Brandy Lemke seemed to be getting weaker by the minute. The 6-year-old lay in her bed in the intensive care unit (ICU), her eyelids drooping. A few days earlier, she'd been fine; now, she couldn't walk, she couldn't talk clearly, she couldn't sit up and the paralysis was spreading to the muscles she needed for breathing.

Carrie Davis Smith, a pediatric resident, had a hunch she couldn't shake. While another doctor inserted a needle into a vein in Brandy's groin, Smith pulled a chair close to the child's pillow. She began laboriously combing through Brandy's long, dark hair. She was searching for a tick.

The weakness had started one day in June 1998, with what Brandy told her mother was a "fuzzy" feeling in her fingers. When she begun to stagger and fall the next day, she was rushed from her pediatrician's office in Beach Island, S.C., to the Medical College of Georgia Children's Medical Center in nearby Augusta. When the little girl--unable to walk--was wheeled into the hospital, doctors quickly ordered scans of her head and neck, took samples of spinal fluid and stuck needles into the nerves of her arms. They were seeking possible causes of her sudden paralysis--a toxin, a tumor or hemorrhage in her spinal cord, even polio.

And they asked about tick bites. In rare cases, a female dog tick attached to the skin can cause rapidly progressive weakness known as "tick paralysis." "That was one of the first things that was mentioned," recalled Brandy's mother, Wendy Ennis. "I searched. My mom searched. The doctors had looked."

But they found nothing. Within 24 hours of entering the hospital, Brandy's breathing had become so labored that her doctors were afraid she'd soon need to be placed on a respirator. After much debate, they'd settled on a diagnosis: Guillain-Barre syndrome, a form of paralysis that occasionally occurs as a complication of certain infections or vaccinations and can last for weeks or months. It is treated with plasmapheresis, a process in which blood is removed from the body and filtered to remove antibodies--chemicals made by the immune system that are thought to attack the coverings of nerves and cause the paralysis. The doctors were inserting the needle in Brandy's groin so they could begin pumping her blood through a plasmapheresis machine.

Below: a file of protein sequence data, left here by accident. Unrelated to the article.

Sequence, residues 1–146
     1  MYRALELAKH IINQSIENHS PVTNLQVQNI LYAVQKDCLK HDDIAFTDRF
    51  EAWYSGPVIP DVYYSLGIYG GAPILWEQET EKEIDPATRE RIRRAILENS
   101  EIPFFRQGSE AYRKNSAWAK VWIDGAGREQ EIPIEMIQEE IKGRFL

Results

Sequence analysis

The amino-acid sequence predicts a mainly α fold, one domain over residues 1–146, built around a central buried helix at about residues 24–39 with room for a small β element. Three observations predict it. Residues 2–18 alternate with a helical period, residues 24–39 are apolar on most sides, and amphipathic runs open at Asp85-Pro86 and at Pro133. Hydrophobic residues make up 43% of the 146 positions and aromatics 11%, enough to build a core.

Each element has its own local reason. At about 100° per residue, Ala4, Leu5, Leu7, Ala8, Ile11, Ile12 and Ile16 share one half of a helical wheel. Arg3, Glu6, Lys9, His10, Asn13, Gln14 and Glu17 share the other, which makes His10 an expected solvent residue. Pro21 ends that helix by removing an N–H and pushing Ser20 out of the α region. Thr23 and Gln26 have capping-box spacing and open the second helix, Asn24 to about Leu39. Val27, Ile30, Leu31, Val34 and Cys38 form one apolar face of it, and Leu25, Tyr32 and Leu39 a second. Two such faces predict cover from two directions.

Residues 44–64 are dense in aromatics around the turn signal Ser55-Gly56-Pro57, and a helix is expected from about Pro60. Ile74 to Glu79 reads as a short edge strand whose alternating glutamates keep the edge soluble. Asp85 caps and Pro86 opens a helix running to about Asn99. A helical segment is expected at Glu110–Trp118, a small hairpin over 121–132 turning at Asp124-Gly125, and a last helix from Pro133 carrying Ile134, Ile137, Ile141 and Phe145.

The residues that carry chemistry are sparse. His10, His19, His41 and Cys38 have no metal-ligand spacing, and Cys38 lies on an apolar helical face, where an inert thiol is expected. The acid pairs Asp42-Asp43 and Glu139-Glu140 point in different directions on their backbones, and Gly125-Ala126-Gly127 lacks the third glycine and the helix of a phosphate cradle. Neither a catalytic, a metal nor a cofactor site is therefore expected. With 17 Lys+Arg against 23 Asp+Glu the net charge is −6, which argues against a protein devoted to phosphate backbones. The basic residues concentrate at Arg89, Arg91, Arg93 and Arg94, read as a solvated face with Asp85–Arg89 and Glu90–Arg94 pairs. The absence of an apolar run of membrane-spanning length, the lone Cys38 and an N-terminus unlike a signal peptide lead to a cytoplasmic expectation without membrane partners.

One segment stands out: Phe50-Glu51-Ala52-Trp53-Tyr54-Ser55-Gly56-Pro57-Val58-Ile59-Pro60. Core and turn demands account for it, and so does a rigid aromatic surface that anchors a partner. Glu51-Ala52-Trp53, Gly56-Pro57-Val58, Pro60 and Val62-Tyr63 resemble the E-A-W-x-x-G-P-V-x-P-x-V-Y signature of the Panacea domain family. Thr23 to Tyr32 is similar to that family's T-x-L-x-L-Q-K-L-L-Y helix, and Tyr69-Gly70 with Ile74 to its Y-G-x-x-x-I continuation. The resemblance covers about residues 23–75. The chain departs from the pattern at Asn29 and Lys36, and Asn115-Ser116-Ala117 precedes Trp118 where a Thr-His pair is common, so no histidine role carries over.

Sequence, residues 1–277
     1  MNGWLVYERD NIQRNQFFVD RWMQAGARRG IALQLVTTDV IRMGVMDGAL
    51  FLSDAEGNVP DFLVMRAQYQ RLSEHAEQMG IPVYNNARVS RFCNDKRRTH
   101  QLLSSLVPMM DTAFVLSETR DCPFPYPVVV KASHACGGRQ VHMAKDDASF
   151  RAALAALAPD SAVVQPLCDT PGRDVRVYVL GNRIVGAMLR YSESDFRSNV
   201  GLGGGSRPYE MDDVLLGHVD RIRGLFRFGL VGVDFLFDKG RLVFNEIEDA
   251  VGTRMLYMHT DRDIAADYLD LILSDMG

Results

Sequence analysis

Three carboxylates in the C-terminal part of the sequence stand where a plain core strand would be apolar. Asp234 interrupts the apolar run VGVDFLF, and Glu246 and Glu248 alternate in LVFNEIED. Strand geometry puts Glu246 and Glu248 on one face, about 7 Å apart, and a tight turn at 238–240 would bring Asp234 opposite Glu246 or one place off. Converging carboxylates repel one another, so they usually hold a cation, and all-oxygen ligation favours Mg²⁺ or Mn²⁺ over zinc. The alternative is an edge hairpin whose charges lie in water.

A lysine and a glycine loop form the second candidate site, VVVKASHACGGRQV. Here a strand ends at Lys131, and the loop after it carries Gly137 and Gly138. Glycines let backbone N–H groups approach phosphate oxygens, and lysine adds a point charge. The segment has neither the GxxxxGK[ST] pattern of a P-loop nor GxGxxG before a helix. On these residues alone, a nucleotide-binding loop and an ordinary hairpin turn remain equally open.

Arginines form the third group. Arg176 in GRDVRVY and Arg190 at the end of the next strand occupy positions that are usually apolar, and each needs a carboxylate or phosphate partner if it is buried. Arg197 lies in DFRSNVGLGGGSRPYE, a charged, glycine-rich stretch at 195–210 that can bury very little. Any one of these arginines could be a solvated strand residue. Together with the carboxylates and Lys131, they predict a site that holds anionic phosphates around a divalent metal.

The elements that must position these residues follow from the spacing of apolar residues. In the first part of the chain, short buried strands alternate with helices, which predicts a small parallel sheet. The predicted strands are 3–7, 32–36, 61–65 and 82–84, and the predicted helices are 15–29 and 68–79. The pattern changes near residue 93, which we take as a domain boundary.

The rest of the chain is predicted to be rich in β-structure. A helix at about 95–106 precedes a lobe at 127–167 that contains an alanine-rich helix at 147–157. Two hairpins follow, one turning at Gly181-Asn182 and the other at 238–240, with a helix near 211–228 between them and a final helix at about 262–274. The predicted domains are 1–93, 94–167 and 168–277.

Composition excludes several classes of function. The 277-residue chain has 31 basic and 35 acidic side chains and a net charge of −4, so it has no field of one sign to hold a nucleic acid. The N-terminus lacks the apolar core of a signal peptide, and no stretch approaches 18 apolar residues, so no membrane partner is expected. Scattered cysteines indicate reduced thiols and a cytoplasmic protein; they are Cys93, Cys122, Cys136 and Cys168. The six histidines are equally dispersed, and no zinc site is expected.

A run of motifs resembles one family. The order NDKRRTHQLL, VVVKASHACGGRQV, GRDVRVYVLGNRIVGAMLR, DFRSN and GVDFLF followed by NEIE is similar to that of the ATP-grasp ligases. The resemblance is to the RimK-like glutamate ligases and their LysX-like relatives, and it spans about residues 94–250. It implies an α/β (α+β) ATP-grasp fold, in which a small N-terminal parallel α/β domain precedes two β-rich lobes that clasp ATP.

Smith was shocked by how rapidly Brandy's condition was worsening. She kept remembering another little girl, also suffering from sudden paralysis, whom she'd seen as a third-year medical student. Late one night, Smith had found a pediatric resident combing the child's hair. "I asked her what she was doing," Smith recalled. "She said, 'I'm looking for a tick.' She never found one."

So now, Smith sat at the head of the bed and used an ordinary black plastic comb to carefully divide Brandy's long hair into thin sections. She worked her way over the right side of the head, then the left, peering at the scalp. She was about to give up when she spotted a small, round, tan object clinging to the skin at the crown, where the head had been resting on the pillow.